Posted May 18, 2020
As the weeks pass here at home, I’ve been looking for new ways to occupy my time and maintain good mental health.
I consulted with a UW-River Falls faculty member, Ann Lawton, who is also a licensed art therapist. I asked her for some suggestions, and Lawton pointed out that this is no time to focus on productivity.
“I was someone who would be able to easily get up at 5:30 a.m. and be on campus by 7 a.m., and now, it’s a struggle for me to be functioning by 9 a.m.,” Lawton explained. “Why would I expect my students to be able to simply adjust to implied structure when the whole world is on pause?”
Lawton said that self-forgiveness is going to be critical to practice during this pandemic. “Avoiding unhappiness is not happiness, and during any day you will encounter frustration, humor, joy, anger, contentment, sadness, and a whole gamut of feelings and emotions—honor them and acknowledge them.”
According to a study by the UW System, half of college students rated their behavioral health below average or poor in 2018. In times of increased stress, such as this global pandemic, it may be a good idea for everyone to plan some relaxation activities.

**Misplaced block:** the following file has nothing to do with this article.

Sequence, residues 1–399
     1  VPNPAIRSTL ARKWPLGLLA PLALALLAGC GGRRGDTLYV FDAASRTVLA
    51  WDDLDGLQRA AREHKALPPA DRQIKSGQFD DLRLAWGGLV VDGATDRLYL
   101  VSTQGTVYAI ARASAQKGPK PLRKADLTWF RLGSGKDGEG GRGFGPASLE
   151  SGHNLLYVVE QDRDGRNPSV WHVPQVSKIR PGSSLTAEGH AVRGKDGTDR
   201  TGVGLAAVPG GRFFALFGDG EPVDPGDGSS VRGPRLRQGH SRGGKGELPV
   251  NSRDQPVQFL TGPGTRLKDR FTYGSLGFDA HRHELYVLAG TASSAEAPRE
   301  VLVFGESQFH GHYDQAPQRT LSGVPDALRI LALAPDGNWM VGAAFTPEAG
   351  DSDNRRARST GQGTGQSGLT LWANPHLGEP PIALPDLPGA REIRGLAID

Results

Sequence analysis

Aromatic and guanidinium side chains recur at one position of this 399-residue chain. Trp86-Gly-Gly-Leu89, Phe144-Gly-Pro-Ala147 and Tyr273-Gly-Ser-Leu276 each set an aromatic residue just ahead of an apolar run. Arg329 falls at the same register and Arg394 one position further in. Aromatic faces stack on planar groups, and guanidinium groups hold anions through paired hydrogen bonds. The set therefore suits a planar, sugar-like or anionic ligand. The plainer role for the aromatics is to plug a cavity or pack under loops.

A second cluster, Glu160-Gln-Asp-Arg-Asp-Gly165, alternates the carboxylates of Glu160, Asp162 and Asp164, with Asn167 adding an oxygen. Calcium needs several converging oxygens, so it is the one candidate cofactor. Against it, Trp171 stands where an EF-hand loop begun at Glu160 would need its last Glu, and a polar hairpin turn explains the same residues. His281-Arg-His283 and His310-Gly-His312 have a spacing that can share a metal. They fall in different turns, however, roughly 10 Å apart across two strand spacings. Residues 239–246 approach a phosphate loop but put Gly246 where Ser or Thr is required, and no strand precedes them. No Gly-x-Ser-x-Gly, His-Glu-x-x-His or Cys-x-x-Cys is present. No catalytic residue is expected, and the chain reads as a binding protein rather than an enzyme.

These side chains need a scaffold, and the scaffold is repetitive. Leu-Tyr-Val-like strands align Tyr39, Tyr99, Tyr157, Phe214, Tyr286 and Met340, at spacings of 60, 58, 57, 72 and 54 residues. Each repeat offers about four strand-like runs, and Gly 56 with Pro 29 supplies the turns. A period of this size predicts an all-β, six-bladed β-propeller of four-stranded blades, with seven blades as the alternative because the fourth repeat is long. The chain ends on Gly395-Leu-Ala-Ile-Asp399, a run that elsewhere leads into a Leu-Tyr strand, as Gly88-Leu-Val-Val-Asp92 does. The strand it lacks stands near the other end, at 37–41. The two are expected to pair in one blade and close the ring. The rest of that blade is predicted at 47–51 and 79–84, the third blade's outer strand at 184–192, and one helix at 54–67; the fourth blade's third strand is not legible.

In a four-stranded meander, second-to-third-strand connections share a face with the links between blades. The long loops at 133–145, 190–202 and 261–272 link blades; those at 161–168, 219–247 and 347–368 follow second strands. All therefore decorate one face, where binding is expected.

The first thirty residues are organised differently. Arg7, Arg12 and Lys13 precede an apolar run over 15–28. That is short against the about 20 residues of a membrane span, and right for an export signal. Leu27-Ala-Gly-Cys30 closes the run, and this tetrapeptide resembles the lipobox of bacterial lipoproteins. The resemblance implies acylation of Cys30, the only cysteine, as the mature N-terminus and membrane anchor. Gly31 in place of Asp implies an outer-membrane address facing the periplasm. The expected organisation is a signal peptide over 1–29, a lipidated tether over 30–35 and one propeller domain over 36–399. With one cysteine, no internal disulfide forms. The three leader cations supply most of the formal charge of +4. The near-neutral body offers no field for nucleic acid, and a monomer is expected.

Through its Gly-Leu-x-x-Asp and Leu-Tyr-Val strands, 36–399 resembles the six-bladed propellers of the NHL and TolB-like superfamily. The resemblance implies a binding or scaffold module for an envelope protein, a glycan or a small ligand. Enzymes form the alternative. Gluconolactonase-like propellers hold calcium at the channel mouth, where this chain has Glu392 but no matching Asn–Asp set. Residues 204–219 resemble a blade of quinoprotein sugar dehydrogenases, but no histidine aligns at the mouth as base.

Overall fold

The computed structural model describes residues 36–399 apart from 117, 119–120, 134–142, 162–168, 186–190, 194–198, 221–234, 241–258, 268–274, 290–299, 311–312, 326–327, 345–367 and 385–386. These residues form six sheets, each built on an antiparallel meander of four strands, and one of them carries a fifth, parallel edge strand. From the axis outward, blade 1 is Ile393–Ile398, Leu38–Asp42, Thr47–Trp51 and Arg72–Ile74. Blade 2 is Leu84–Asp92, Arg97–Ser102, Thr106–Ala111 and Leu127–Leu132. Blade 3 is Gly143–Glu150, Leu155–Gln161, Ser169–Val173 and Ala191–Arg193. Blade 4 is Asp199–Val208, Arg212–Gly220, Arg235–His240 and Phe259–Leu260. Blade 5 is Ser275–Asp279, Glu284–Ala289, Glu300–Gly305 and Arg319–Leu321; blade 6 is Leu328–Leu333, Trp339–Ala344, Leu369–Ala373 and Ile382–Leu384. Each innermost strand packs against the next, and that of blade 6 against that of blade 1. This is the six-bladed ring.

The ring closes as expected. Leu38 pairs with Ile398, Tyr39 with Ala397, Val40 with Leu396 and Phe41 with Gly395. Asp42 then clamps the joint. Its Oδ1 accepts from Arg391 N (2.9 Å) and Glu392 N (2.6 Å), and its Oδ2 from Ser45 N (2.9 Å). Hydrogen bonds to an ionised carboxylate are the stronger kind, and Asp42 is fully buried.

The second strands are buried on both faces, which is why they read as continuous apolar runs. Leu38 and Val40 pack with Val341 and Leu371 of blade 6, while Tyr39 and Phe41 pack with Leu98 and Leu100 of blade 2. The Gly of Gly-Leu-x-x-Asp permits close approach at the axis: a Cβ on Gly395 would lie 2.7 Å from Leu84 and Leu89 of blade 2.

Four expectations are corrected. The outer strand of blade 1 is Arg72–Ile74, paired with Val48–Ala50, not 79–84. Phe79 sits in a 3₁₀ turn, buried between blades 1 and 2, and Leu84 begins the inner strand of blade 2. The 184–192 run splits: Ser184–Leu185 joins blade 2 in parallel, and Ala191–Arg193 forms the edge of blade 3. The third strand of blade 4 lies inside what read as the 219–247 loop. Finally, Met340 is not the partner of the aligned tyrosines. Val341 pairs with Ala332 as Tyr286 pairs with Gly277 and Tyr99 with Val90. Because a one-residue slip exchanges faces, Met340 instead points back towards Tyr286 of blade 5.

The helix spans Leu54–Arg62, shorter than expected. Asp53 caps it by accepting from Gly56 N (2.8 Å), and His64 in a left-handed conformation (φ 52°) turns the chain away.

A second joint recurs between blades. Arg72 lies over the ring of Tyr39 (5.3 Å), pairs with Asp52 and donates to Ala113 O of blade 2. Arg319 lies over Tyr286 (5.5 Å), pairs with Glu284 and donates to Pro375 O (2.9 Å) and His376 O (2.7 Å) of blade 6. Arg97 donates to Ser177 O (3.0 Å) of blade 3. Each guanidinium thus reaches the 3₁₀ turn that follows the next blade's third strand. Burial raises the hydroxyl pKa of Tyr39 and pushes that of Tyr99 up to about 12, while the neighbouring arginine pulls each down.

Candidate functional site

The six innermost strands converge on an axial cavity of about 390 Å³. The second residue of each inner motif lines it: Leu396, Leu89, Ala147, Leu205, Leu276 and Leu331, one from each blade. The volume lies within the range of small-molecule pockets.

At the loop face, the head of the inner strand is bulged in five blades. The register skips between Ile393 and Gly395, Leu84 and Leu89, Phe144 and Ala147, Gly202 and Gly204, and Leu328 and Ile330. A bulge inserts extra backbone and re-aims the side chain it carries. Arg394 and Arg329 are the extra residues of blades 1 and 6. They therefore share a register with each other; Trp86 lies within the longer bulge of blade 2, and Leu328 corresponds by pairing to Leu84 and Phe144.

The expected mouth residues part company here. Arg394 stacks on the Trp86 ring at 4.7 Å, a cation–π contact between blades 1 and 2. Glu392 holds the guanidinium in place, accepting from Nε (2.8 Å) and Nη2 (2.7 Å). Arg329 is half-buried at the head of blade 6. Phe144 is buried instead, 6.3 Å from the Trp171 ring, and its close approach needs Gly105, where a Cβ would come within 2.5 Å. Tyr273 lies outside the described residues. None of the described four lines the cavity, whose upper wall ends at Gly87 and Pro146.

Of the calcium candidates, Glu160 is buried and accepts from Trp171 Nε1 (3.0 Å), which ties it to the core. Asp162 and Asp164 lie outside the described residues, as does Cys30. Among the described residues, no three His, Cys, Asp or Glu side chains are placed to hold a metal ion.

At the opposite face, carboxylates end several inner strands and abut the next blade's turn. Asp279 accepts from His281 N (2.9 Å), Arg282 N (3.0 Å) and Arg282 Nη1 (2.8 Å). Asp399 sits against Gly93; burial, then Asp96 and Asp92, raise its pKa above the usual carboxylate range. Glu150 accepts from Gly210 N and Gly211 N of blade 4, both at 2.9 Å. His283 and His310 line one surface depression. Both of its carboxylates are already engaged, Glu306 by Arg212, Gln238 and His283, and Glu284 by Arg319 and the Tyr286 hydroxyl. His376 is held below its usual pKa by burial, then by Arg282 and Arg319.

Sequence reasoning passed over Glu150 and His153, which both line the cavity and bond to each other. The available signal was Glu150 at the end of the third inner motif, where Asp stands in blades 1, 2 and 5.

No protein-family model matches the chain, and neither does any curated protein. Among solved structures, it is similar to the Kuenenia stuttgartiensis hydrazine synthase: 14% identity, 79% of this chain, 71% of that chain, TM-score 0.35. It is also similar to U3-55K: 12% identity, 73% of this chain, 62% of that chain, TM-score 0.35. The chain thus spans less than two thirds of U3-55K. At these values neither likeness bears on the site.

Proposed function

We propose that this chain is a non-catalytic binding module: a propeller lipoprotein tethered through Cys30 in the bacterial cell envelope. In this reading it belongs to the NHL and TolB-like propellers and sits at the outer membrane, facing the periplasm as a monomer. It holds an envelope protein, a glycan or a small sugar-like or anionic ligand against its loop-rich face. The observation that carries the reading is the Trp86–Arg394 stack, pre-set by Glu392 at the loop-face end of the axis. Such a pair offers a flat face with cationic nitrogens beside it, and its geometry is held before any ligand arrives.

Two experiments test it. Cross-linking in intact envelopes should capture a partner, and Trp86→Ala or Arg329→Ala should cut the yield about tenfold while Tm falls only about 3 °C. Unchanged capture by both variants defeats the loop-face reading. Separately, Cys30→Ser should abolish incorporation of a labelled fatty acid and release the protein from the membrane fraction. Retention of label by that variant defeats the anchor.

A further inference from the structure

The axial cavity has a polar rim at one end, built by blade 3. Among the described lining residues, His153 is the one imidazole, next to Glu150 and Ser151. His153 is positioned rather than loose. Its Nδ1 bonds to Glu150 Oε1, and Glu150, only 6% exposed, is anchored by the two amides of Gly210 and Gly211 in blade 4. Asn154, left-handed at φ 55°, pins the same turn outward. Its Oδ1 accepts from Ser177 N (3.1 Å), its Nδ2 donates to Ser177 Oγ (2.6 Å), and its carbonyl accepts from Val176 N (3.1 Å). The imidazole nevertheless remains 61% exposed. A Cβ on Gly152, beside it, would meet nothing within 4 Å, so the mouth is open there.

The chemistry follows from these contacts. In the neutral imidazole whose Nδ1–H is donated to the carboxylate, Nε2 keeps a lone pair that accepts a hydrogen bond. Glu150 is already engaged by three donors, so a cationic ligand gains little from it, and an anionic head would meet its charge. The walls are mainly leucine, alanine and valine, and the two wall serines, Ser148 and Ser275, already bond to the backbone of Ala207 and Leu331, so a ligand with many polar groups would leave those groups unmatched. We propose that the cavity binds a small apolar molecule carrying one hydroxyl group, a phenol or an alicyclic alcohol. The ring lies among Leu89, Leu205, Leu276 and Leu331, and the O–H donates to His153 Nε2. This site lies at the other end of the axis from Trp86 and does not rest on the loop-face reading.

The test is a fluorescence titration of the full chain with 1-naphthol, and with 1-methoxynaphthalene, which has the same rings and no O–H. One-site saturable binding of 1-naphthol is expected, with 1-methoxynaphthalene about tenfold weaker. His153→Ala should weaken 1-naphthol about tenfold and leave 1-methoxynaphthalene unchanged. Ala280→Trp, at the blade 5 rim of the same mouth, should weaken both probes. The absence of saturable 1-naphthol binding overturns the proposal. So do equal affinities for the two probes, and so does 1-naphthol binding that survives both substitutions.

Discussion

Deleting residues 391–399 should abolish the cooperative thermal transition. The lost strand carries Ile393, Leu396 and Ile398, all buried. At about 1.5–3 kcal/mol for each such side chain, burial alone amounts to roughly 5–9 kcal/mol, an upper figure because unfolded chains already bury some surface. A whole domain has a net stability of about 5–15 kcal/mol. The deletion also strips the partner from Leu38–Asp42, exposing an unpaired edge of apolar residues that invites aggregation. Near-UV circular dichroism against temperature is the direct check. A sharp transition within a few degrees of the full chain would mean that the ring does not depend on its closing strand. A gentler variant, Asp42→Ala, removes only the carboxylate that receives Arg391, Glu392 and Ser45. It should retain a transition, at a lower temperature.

My sister Paige is a nurse. She recommended trying small ways to keep your mind occupied during these stressful days and weeks.
“Whether you do puzzles, online Sudoku, talking to friends and family on the phone or starting a new hobby, the possibilities are endless,” according to Paige. She also recommended spending time in nature and listening to the birds.
I live in Minnesota, and it appears more recreational opportunities may be available soon based on recent state government announcements. In the meantime, Lawton suggested getting creative and making art out of anything around you. She recommended entering the process with an open mind.
“Draw with your feet, your non-dominant hand, with your eyes closed. Get weird. Make it for you and nobody else! Play. Give yourself permission,” Lawton said. “You’re the only one getting in your own way of doing, making, creating, exploring and trying.”
The article may be found online at https://uwrfjournalism.org/2020/05/tips-help-maintain-mental-health-during-pandemic/.